Although the words translate exactly, we’ll have to concede that the Italian cime di rapa sounds more appealing than the English ‘turnip tops’. I’m sure that’s one reason why these greens are not on every family’s meal table another closely linked one being our general apathy about the roots from which they sprout.
Whatever the case, it’s a shame. Turnip tops have a hint of mustard in them (worth bearing in mind when deciding what they go with), with little buds and long stems that have similar properties to purple sprouting broccoli, and cook in no time at all. Just dousing them in peppery extra-virgin olive oil and salt is the classic Italian way to season them, though I love the addition here of jammy and slightly bitter charred lemon juices. I can think of few things better than a large plate of these, a whole baked sea bass or turbot and a bottle of something cold and white to wash it all down.
Turnip tops are usually available during winter and spring. Outside those seasons, the burnt lemon and olive oil dressing and the sprinkle of toasted sunflower seeds would work well with pretty much any green vegetable.
- Yield: 4 to 6 Servings
- 1 large or 2 small lemons
- 3 tablespoons peppery extra-virgin olive oil
- 750 g turnip tops on the stem
- 25 g sunflower seeds, toasted (optional)
- Sea salt
- Put a ridged grill pan or heavy-bottomed frying pan on the hottest part of your hob. Cut the lemons in half widthways, then trim the knobbly end off each half, so that the lemon can sit flat on either end.
- Place the lemons flesh-side down on the smoking-hot pan and cook for 4–5 minutes, or until well charred. Turn over and char the other side for the same amount of time. Remove and allow to cool for a few minutes before squeezing their juices through a sieve (to catch the seeds) into a large mixing bowl. Add a good pinch of salt and the olive oil. Whisk with a fork to emulsify the liquids.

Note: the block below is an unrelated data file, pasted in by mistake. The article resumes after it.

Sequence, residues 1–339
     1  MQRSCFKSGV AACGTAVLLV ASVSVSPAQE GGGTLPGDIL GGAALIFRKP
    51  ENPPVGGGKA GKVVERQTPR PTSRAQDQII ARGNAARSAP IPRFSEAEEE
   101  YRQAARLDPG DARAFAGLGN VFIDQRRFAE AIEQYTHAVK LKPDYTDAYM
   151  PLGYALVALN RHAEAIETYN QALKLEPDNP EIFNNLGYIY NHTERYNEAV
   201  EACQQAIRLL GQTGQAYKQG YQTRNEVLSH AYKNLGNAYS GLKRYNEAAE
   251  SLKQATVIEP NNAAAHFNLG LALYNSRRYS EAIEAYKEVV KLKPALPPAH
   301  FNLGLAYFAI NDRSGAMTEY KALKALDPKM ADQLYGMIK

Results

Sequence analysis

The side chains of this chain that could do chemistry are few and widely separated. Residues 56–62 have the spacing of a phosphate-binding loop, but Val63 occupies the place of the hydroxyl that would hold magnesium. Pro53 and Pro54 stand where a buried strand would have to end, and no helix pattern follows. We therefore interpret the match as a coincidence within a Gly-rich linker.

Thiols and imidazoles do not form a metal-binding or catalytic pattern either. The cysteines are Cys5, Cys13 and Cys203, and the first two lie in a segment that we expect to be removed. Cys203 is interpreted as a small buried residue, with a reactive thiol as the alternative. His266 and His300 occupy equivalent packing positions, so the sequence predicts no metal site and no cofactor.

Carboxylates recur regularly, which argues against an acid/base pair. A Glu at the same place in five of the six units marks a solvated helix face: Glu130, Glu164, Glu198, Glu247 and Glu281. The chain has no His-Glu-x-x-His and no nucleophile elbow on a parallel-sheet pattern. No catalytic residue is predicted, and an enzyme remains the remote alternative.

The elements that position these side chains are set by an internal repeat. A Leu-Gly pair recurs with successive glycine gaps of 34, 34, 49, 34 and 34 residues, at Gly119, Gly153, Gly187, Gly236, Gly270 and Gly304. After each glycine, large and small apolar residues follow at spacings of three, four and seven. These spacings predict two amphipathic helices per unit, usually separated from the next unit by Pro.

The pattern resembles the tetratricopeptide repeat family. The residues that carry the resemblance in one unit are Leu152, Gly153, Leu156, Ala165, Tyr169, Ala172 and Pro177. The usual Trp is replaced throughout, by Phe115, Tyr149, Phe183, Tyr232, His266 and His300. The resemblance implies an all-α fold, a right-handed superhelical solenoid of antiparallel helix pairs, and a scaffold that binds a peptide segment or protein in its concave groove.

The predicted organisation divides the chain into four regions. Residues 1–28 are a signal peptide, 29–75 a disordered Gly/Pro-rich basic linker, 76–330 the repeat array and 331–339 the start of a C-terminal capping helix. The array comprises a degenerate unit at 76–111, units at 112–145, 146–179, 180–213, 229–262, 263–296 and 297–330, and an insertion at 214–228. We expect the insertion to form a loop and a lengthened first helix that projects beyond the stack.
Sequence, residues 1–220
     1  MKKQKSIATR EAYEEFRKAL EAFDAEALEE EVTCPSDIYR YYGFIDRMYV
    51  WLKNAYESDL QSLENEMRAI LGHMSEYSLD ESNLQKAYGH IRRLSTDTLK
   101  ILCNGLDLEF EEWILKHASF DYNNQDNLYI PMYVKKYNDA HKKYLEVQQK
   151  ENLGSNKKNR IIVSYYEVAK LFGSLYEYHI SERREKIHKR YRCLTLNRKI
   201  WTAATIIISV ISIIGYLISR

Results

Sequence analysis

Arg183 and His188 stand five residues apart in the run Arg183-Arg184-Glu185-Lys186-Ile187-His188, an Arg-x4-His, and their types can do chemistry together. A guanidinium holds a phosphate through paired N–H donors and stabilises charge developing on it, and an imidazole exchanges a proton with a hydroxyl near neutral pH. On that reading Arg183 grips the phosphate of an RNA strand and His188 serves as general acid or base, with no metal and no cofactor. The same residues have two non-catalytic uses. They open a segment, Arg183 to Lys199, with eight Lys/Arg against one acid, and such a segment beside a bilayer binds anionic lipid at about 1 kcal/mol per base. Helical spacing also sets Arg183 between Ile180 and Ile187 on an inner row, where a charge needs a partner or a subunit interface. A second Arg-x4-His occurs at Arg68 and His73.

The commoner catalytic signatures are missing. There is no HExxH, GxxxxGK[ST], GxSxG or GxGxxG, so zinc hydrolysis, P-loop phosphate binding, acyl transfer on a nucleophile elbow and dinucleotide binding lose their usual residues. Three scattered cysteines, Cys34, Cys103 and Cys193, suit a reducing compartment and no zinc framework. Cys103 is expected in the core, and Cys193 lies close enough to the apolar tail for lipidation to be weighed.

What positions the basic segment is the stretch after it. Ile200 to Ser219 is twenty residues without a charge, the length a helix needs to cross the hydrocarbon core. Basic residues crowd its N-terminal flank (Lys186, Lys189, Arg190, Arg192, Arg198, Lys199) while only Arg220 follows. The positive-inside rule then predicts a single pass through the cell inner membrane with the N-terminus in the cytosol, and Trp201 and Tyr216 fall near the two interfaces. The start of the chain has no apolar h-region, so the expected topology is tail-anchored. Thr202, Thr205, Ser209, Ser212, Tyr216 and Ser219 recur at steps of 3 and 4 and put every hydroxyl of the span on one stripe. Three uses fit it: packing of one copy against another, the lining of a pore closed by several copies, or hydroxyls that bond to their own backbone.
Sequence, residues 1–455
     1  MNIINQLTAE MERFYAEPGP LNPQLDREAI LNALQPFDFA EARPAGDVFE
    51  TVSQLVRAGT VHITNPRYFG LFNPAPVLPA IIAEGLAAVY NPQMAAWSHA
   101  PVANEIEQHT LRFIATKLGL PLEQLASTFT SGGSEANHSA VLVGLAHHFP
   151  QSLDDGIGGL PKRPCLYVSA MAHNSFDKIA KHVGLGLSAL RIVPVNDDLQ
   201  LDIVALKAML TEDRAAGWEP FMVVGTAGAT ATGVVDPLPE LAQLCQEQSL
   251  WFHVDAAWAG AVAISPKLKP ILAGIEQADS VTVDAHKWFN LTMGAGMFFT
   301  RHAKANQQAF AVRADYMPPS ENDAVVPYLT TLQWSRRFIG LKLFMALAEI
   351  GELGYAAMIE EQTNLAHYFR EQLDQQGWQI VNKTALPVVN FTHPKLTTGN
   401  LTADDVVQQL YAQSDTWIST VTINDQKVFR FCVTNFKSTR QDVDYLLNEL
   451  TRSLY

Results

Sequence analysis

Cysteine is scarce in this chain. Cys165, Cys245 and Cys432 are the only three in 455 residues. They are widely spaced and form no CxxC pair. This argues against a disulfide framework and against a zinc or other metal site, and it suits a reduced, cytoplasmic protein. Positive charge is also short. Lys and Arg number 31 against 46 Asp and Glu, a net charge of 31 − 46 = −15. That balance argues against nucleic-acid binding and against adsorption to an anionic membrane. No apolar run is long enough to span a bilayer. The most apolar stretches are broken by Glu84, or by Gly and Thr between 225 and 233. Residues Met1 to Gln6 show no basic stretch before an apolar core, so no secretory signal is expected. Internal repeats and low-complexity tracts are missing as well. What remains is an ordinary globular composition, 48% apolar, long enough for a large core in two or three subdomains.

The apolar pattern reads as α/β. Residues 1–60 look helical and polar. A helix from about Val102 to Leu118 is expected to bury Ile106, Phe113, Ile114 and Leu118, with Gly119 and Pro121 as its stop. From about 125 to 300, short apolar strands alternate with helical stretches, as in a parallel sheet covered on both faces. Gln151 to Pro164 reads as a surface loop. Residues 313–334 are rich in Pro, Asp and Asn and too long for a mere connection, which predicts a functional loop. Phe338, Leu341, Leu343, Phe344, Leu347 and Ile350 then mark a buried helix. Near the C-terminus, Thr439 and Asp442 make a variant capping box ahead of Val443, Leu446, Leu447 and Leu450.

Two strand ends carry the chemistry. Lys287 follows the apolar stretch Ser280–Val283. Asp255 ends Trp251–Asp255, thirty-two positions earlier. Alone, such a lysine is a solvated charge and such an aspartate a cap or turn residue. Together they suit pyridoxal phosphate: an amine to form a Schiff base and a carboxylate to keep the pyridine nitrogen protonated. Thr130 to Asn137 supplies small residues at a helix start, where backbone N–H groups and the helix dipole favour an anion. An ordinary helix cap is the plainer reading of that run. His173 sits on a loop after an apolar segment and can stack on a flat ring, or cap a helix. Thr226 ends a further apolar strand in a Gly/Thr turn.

- In order that the turnip tops are cooked to their best advantage, you need to divide them into two piles: the leaves and the rest. You can do this in advance of eating, but the cooking should be done at the last minute.
- Cut off the bottom 1–2 cm (the bit that holds the stems together) and discard it, then trim the leaves from the other end and set aside. You will be left with a tangle of long, thin stems and (if you’re lucky) a few sprouting buds, which look similar to purple sprouting broccoli. Trim the buds from the stems, then cut the stems to 4–5 cm lengths and add them to the buds.
- Bring a large pan of salted water to the boil. Add the turnip-top stems and buds and cook for 60 seconds, then add the leaves and cook for 45–60 seconds more, pushing them under the water at the beginning. Drain thoroughly, then add to the bowl with the lemon and oil dressing. Toss and stir the leaves in the dressing. Check for seasoning, sprinkle with the sunflower seeds (if using) and serve immediately.